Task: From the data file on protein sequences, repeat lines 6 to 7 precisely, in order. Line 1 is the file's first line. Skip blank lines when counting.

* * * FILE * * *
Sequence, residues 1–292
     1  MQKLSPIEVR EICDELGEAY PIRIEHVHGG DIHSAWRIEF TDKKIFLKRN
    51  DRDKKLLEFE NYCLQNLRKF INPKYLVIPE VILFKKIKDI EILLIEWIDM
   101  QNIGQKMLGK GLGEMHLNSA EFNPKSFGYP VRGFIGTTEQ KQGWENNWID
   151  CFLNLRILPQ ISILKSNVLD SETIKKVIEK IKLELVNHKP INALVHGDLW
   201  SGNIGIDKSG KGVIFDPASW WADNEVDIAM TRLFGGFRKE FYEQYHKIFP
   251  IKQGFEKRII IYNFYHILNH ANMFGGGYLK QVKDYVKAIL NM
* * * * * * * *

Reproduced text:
   201  SGNIGIDKSG KGVIFDPASW WADNEVDIAM TRLFGGFRKE FYEQYHKIFP
   251  IKQGFEKRII IYNFYHILNH ANMFGGGYLK QVKDYVKAIL NM